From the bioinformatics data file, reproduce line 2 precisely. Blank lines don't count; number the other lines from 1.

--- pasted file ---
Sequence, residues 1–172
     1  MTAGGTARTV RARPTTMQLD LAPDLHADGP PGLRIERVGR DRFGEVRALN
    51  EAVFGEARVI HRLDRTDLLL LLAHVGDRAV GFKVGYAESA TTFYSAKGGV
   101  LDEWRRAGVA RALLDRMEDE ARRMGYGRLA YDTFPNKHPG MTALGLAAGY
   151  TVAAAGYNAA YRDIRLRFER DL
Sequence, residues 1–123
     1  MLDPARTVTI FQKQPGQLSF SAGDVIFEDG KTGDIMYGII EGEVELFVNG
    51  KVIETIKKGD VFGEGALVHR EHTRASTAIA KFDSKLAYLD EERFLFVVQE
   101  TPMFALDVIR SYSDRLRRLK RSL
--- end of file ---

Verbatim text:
     1  MTAGGTARTV RARPTTMQLD LAPDLHADGP PGLRIERVGR DRFGEVRALN